By K-Sue Park, J.D. ‘15
Less than 7 percent of tenants facing evictions have representation in Boston Housing Court, in which around 5000 summary process cases are brought annually. My experience representing one elderly couple, who were the victims of a foreclosure rescue scam, showed me plainly that legal representation makes all the difference for families and individuals facing eviction, and that the foreclosure crisis has also been a crisis in access to legal services.
My clients were an elderly immigrant couple from the British Isles, who at the time of foreclosure, had lived in their house for more than forty years. They had fallen into financial difficulties with a bank loan at the very beginning of the national foreclosure crisis, in 2007. They were desperate for help, and fell prey to a foreclosure rescue scam artist who, unknown to them, had previously been convicted for defrauding single mothers of their welfare checks in the same neighborhood. Through him, third parties took out a new mortgage on their house. Then, he disappeared with the money and the bank foreclosed on the house. Finally, Fannie Mae purchased the house at auction while the elderly couple faced eviction. Subsequently, the Legal Services Center sued the scam artist and his team, and took on the couple’s defense in the summary process case.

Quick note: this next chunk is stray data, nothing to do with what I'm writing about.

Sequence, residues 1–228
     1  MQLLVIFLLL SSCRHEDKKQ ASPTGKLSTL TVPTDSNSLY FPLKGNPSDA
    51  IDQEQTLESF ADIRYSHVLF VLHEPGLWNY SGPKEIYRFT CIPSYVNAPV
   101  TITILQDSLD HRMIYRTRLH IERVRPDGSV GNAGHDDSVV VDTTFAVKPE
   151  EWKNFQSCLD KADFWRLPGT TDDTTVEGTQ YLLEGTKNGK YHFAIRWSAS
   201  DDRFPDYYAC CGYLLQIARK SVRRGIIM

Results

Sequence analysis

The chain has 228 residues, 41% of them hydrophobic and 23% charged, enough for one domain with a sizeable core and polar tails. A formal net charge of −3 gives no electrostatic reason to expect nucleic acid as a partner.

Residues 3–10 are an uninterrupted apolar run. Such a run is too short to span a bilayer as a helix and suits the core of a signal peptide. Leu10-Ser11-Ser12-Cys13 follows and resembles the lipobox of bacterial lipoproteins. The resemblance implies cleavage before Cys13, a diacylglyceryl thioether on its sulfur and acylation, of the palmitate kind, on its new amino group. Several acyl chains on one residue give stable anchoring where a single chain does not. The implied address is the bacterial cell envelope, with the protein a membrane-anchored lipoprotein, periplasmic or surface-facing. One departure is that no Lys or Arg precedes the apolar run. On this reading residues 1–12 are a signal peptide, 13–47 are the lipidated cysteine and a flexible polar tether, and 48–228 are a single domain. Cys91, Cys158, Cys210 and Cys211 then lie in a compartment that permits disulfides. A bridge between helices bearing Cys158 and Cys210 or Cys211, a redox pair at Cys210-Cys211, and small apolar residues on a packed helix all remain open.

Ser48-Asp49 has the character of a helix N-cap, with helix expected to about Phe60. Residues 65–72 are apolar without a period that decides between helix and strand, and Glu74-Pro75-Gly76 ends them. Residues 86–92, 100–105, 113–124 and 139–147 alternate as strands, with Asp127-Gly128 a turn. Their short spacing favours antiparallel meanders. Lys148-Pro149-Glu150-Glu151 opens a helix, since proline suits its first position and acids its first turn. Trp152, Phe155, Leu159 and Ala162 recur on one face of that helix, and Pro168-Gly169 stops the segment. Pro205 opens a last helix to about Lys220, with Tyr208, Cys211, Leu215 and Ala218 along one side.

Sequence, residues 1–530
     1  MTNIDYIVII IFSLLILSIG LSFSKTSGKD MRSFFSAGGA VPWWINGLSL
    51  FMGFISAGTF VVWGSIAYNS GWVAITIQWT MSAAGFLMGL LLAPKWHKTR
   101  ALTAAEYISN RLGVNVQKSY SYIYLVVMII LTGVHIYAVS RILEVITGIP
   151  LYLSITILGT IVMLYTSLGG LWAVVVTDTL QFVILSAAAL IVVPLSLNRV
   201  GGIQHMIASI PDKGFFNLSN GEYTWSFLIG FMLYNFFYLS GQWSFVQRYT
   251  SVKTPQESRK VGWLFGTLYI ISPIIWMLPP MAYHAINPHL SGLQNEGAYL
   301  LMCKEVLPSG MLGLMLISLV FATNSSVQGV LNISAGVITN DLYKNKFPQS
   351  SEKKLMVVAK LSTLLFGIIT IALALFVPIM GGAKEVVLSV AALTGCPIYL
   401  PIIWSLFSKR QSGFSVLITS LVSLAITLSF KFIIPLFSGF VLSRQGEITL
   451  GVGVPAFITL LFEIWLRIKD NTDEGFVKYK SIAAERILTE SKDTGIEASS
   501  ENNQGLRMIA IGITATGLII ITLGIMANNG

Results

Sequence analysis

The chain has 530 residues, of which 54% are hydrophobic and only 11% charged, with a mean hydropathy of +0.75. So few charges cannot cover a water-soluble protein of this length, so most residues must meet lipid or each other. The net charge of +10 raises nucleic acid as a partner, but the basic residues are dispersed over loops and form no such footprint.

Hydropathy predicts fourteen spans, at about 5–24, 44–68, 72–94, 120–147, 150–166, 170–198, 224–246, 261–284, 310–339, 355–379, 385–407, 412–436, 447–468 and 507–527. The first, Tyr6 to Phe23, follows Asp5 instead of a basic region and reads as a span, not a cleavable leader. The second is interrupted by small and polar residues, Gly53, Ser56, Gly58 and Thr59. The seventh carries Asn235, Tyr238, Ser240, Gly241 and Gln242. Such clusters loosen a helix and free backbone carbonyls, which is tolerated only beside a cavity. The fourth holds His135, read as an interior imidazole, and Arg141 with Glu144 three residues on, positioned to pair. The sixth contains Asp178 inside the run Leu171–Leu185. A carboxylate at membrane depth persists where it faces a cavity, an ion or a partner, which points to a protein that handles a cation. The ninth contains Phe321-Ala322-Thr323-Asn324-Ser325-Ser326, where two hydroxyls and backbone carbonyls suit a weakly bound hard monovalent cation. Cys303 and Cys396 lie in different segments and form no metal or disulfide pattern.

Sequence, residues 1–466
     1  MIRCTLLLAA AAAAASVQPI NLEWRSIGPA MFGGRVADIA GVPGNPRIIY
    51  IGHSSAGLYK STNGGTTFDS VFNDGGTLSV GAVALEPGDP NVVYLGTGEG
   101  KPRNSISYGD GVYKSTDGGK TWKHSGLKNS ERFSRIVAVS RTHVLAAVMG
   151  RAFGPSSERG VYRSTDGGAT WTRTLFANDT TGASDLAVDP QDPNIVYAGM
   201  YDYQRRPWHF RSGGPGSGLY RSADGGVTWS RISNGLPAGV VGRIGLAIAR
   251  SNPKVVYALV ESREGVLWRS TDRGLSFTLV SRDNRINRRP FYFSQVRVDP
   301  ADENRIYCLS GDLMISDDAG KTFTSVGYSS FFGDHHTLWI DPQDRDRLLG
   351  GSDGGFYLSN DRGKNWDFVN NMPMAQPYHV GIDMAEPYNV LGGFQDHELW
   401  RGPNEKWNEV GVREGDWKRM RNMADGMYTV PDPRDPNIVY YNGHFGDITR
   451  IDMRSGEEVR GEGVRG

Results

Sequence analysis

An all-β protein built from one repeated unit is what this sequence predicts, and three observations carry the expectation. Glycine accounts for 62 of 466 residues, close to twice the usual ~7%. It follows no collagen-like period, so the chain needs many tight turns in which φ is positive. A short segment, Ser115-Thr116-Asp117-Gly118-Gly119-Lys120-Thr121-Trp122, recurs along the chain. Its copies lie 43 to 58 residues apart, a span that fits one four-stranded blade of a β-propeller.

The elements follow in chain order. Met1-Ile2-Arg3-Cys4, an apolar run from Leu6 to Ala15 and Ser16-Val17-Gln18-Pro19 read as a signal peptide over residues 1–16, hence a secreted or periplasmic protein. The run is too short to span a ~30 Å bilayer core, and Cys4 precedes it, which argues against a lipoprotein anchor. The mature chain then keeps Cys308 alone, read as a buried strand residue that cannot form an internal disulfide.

In late February, on their behalf, I argued that Fannie Mae’s Notice to Quit had been improperly served since our clients were better understood as tenants than homeowners at the time of the foreclosure. Massachusetts law moves in favor of the non-traditional tenant: it considers occupants of a property owned by another, who agrees to their occupation and benefits as a result in a way that he would not otherwise have benefited, to be tenants. Fannie Mae therefore mistakenly evicted them as homeowners, and failed to observe the procedural rights to which they were entitled as tenants. The judge agreed with me, and as a result, the summary process case against them was dismissed.
From the beginning of my work on this case, I felt strongly about advocating for the elderly couple. However, I did not understand just how defenseless they were until the day of the hearing. First, we picked them up to bring them to the courthouse since they likely would not have made it there on their own. They are in their seventies and eighties, not very mobile, and one of them had a major stroke since the action was brought against them. Secondly, once at the courthouse, one of them became visibly anxious and afraid. When I tried to review the questions that we had already prepared for direct examination, she could barely speak, her eyes watered, and she held her stomach because she was nervous. Seeing this, the judge did not force them to the stand. I was glad, but also felt keenly aware that not all judges are so kind, and also, of how easily others in their situation might miss their court appearances altogether, resulting in a default judgment for the other side. Under these circumstances, it felt natural and necessary to speak up for them, and to put the training I have received in law school to exactly the use for which it was meant.